provocation in 1996 by sending two carrier battle groups to the area. In June 1998,
President Clinton sparked renewed controversy during his summit trip to China when he
made a public statement that has come to be known as the “Three Noes,” raising questions
about whether long-standing U.S. policy toward Taiwan had changed.4 In February 1999,
the U.S. Department of Defense issued a congressionally-mandated report assessing the
military balance between Taiwan and China. The report concluded that in light of
improvements in offensive military capabilities, by the year 2005, China will have
acquired the ability “to attack Taiwan with air and missile strikes which would degrade
key military facilities and damage the island’s economic infrastructure.”5
Along with these developments since 1995, concerned observers are disturbed that
China continues to insist publicly on its right to use force against Taiwan — most
1 22 U.S.C. 3302.
2 Sec. 23 of the International Security Assistance Act of 1979 (P.L. 96-92; 93 Stat. 710) provided
authorization for the President to transfer to Taiwan war reserve material and other property
during calendar years 1980 and 1981. For text of sec. 23, see Legislation on Foreign Relations
Through 1994, vol. I-A, page 504.
3 Taiwan Relations Act (P.L. 96-8), Sec. 3. 22 USC 3302.
4 According to a White House transcript of his remarks during a roundtable discussion in
Shanghai on June 30, 1998, the President responded to a question about Taiwan saying: “I had
a chance to reiterate our Taiwan policy, which is that we don’t support independence for Taiwan,
or two China’s, or one Taiwan-one China. And we don’t believe that Taiwan should be a member
in any organization for which statehood is a requirement. So I think we have a consistent policy.”
Some Members believe that the President’s statement went beyond earlier U.S. statements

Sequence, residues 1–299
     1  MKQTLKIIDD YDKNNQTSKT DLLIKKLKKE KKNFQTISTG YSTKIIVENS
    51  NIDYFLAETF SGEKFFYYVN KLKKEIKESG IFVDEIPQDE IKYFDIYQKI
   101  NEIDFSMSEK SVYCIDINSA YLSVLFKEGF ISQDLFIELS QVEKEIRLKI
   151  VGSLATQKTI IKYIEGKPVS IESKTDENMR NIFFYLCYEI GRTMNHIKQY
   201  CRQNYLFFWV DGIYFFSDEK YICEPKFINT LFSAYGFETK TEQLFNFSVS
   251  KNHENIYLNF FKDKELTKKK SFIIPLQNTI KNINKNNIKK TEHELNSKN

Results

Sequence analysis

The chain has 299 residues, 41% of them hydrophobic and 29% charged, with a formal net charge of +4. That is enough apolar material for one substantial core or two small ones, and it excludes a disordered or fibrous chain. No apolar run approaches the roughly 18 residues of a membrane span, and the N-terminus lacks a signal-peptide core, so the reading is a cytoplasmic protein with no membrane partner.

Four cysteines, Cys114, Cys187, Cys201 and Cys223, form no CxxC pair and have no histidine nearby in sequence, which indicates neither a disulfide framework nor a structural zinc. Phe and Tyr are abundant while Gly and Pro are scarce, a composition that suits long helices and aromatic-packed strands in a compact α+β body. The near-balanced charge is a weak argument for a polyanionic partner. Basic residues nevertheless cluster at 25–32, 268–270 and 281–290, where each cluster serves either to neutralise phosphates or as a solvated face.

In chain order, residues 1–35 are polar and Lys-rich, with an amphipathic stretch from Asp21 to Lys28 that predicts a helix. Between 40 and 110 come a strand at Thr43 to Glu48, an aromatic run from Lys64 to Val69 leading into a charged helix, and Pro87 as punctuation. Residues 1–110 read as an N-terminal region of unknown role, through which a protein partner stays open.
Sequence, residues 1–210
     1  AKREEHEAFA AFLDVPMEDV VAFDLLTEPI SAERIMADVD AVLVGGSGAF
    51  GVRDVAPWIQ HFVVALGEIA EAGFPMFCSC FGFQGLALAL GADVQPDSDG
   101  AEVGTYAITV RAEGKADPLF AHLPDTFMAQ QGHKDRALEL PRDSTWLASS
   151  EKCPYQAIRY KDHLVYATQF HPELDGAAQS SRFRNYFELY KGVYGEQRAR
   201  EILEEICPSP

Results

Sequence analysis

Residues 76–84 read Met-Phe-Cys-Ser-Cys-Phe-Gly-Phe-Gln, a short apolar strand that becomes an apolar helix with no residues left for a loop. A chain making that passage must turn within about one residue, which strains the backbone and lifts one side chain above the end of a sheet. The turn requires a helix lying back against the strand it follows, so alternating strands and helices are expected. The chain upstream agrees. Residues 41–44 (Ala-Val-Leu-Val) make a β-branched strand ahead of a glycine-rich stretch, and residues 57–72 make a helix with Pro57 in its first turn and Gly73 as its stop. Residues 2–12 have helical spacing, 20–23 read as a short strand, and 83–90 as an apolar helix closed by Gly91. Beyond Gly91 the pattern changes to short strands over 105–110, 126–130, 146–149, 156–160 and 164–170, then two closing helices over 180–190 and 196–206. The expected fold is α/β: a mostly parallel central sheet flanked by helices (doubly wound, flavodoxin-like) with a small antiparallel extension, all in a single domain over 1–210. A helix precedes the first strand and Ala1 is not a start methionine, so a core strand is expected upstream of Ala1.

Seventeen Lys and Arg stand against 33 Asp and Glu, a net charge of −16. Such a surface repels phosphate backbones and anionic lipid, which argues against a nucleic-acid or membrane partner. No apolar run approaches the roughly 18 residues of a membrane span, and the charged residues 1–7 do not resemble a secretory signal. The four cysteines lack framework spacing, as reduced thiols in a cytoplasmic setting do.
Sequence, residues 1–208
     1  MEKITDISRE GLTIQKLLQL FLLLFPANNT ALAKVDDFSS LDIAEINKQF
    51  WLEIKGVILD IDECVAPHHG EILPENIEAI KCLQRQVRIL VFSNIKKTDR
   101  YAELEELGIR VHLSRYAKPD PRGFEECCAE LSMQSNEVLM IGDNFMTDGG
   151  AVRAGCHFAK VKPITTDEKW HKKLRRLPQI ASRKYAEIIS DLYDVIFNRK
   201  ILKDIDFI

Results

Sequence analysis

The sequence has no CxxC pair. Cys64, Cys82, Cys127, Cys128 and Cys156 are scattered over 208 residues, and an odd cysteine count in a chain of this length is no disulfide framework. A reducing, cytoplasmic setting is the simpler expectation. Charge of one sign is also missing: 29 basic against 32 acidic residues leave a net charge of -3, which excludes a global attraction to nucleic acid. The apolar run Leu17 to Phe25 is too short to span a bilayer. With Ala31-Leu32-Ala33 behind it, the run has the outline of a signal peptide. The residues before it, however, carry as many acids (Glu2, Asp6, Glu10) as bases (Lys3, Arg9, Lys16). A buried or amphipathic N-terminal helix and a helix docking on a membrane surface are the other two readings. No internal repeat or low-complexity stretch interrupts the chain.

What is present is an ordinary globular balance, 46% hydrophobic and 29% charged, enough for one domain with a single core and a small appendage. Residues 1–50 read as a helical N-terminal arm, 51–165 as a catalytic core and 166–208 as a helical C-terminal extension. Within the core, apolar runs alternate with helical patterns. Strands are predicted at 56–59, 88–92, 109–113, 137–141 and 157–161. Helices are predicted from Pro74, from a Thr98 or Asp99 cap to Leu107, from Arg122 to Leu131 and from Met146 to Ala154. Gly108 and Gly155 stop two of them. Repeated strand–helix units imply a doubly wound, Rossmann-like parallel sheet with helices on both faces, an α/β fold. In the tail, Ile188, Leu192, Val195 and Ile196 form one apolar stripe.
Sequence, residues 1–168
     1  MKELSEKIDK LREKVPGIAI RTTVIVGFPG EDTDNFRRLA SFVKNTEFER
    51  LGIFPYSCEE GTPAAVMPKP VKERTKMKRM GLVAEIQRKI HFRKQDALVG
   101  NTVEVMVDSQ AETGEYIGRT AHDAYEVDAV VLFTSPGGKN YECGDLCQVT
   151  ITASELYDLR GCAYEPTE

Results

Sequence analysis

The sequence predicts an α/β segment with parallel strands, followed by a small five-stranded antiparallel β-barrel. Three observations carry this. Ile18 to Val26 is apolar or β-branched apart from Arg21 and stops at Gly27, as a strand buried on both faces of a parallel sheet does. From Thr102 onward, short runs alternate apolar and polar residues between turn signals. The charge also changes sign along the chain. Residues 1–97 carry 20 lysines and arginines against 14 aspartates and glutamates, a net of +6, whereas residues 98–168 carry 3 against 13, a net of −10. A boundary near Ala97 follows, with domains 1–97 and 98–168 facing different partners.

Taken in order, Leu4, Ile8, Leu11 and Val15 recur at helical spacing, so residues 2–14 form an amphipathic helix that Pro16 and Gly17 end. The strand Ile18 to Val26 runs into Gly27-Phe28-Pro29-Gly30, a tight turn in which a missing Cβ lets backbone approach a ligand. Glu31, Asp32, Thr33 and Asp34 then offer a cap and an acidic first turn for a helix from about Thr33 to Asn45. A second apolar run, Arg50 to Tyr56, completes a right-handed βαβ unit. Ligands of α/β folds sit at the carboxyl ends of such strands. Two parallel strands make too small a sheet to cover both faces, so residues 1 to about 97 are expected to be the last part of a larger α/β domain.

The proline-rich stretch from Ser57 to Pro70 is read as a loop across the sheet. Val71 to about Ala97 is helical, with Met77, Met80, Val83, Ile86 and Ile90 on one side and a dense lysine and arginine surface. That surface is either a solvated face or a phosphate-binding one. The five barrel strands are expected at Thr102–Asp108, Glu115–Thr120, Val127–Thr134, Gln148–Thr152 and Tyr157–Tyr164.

regarding Taiwan. See CRS Report RL30341, China/Taiwan: Evolution of the “One-China”
Policy, by Shirley Kan.
5 The Security Situation in the Taiwan Strait, Report to Congress pursuant to the FY1999
Appropriations Bill. The text of the report can be found at [http://www.usia.gov/regional/ea/
recently, in a “white paper” the Chinese government issued on February 21, 2000. They
further believe that China has demonstrated increasing hostility to Taiwan — not only in
the 1995-96 missile exercises, but in a subsequent large military build-up on the Chinese
mainland opposite Taiwan. They claim that U.S. administrations have been too cautious
over the years in making decisions concerning arms sales to Taiwan, and that the current
Administration prefers to “curry favor with Beijing,” as the Chairman of the Senate
Foreign Relations Committee put it, at Taiwan’s expense.6 Finally, some are concerned
that Taiwan’s military is increasingly anemic, out of step with international standards, and
disadvantaged by its inability to conduct joint military exercises or participate in military
exchanges with other countries because of Beijing’s objections. H.R. 1838 and S. 693
address these perceived shortcomings and obstacles.
Overview of H.R. 1838 and S. 693, and Comparison with Current
As introduced, H.R. 1838 (introduced by Representatives Delay, Gilman, and others)
and S. 693 (introduced by Senators Helms and Torricelli) were almost identical. But on
October 26, 1999, the full House International Relations Committee marked up H.R. 1838
and, by a vote of 32-6, ordered it reported with an amendment in the nature of a substitute
(H. Rept. 106-423, Pt. 1). The full House passed this amended version on February 1,
2000, by a vote of 341 - 70. The substitute, a compromise version which Chairman
Gilman referred to as the result of lengthy negotiations between himself and
Representatives Bereuter, Gejdenson, and Cox, made some important changes in the7
original House version. The Senate bill, S. 693, was the subject of Senate Foreign